Industry insiders on watching the rates rise

By: Tony Brown, Staff Writer//July 24, 2013//

Industry insiders on watching the rates rise

By: Tony Brown, Staff Writer//July 24, 2013//

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CHARLOTTE ─ The average U.S. rate for the benchmark 30-year home mortgage climbed over the 4.5 percent mark this month for the first time in more than two years.

The fixed-rate average ticked back down a few tenths of a percent last week, but over 60 months, the trend is up.

Since a dip in May to near historic lows, just below 3.5 percent, they rocketed up more than a full point earlier this month.

Rates are still well below the 17 and 18 percent being quoted during the Jimmy Carter administration, the highest since World War II. But the real estate market today is still so fragile and vulnerable ─ and buyers and sellers still nervous ─ that the recent upward movement has stirred just about everybody in the industry.

Residential real estate agents, of course, are feeling it. So are subdivision developers, homebuilders and commercial real estate acquisition and development folks. The various kinds of loans might differ, but rates are up all over.

The Mecklenburg Times assembled an informal panel of Charlotte-area real estate industry insiders whose fates and fortunes are affected by the cost of borrowing money.

Here are their answers to: Are you concerned about rising interest rates? And why?


Karla Knotts, vice president of Knotts Development and Knotts Builders, a homebuilder and residential developer, is nervous because her customers are:

You mean other thancausing me some anxiety? Why? The weather is delaying projects. The construction shortage is compounding those delays. And those delays, on top of the interest rates, are making our customers nervous. Now you’ve got to remember that 10 years ago, when the market was booming, rates were 7.5 percent, so this is not causing me to lose sleep. When I got into this business, rates were at 16 percent. But the bottom line is, I don’t like my customers being nervous. At every closing, we say, did you ask your parents what their rates were?


Tom Pearson, president of Pearson Land Corp., a land developer and former mortgage banker, sees multiple facets to the question:

It’s still a bargain in my lifetime. When I first started as a mortgage banker in 1967, we still had some VA loans made right after the war on the books, some at 5 percent, and we thought, “Man those people have a deal!” The lower the rate, the more people can buy; they have more buying power. But, on the other hand, when the rates start changing, it gets a lot of people off the fence. It’s a tap on the shoulder. I like to see them low, but if they stay too low, the country ends up making bad decisions sometimes; it causes us to think rates will always be like this, but they will not be. In commercial real estate, when rates get too low, it inflates values; so when rates go up and balloon payments for those loans are due, if rents are not up enough to cover that, you could have some problems. It’s just that some bad decisions get made; if rates stay too low, that might not be good long-term.

Virginia Popovich, agent for Keller Williams and leader of the Popovich Team, which specializes in south Charlotte residential real estate, sounded busy, and said she was about to get busier:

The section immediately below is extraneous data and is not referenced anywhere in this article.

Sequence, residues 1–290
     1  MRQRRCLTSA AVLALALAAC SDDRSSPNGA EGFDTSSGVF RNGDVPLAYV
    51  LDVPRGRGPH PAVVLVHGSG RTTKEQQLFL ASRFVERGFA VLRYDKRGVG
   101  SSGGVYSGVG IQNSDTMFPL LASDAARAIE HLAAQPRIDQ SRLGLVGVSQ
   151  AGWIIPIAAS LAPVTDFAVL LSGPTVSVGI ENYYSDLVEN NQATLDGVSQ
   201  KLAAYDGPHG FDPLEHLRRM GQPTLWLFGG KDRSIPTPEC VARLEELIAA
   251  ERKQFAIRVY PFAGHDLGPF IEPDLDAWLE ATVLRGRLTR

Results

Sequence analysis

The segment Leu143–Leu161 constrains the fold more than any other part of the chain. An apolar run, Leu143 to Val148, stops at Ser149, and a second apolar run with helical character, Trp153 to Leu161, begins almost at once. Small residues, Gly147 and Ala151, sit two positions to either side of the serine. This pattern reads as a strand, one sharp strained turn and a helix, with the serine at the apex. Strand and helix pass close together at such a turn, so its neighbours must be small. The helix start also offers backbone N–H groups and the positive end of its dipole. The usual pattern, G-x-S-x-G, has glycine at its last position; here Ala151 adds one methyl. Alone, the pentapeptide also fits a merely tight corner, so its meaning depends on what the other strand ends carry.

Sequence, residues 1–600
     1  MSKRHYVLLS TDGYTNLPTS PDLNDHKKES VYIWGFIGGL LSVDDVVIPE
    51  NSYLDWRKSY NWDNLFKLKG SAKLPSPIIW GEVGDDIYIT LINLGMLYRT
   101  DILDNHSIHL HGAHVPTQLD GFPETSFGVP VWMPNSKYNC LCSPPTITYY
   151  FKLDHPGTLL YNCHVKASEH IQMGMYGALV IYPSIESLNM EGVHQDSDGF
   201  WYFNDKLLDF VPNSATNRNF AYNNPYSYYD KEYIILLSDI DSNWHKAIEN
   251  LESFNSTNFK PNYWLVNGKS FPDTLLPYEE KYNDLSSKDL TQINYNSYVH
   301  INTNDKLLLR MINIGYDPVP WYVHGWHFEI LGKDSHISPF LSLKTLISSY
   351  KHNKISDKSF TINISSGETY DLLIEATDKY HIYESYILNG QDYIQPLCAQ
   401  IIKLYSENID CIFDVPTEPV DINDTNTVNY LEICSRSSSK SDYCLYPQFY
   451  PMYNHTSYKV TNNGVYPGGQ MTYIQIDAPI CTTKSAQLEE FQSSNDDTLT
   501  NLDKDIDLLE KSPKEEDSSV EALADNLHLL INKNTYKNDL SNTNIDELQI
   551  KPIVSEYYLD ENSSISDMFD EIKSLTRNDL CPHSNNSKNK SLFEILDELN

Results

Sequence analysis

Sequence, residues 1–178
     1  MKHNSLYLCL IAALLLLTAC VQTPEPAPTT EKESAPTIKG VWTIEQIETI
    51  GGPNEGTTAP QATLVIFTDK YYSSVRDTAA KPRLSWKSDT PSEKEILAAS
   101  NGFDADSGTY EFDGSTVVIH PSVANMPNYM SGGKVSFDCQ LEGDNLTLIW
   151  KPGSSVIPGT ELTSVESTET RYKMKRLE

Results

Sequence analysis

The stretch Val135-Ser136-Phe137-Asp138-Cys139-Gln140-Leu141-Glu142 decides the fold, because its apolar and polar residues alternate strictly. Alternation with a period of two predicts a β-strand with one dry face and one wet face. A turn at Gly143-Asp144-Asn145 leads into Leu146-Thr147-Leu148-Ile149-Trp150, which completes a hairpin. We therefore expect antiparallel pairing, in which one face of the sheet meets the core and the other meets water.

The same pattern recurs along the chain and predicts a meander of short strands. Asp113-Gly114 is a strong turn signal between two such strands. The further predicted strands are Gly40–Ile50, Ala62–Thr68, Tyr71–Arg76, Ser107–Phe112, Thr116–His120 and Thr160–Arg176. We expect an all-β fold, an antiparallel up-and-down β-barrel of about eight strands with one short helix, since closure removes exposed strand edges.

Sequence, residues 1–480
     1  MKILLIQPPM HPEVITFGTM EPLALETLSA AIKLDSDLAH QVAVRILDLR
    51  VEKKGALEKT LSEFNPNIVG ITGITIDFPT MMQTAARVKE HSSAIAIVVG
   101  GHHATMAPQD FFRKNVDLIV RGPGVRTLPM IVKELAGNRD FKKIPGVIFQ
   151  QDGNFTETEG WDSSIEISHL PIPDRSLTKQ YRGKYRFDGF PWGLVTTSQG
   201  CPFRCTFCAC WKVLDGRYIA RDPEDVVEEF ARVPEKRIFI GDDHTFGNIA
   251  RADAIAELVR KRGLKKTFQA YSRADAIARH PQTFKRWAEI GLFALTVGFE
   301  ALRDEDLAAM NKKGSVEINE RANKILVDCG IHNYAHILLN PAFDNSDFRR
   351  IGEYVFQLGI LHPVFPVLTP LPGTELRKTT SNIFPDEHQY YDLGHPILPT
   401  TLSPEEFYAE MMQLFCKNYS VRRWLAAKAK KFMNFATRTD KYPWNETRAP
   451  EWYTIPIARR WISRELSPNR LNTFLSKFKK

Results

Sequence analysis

I see it as a good thing so far. It’s making buyers who were vacillating get off the fence because they’re concerned it’s going to get worse before it gets better. It’s had a positive effect in south Charlotte. I put four houses on the market this week, and I’m putting another three houses on the market next week.


Todd Williams, senior vice president for investments for Grubb Properties, assembles land for big apartment projects; he says loan rates are a complex thing:

Real simply, when the cost of borrowing goes up the amount of proceeds generally goes down. If you’re buying an apartment community, you have to buy with more equity because the loan proceeds are much lower. That’s a negative impact, investing more equity. The second factor is that your debt service is higher. Folks who bought properties in the recent past who bought them with long-term fixed-rate loans, they’re looking really, really smart right now. Multifamily loans tend to be provided by a number of different entities, not usually banks: Fannie (Mae) and Freddie (Mac), which are quasi-governmental; HUD; and the big insurance companies ─ those loans tend to be longer and fixed. Bank loans tend to be variable and short. If you have a shorter-term, variable-rate loan from a bank, and rates spike like they have in the past 30 to 60 days, that can be a real problem.


Alan Banks, owner of Evans Coghill Homes and president of the Home Builders Association of Charlotte, a homebuilder and spokesman for his industry, remains cautiously sanguine:

Looking at it as the president of the association, I’d have to say that the rates have been so historically low, so now we’re getting back to more acceptable mortgage rates. We’ve enjoyed low rates for a long time, but they were artificially low. The market is going to be able to absorb most of the increase. Of course nobody wants higher rates; I would like to see very low mortgage rates. But in terms of panic, we’re actually getting back to a more reasonable number. A lot of people will remember rates of 9 or 10 percent. We’re not going back there. We will have mortgage rates below 5 percent, which is a very favorable environment, for some time to come. But, you know, as a homebuilder, I would say now would be a good time to buy a house before they go up again. If you want to protect yourself, buy today.



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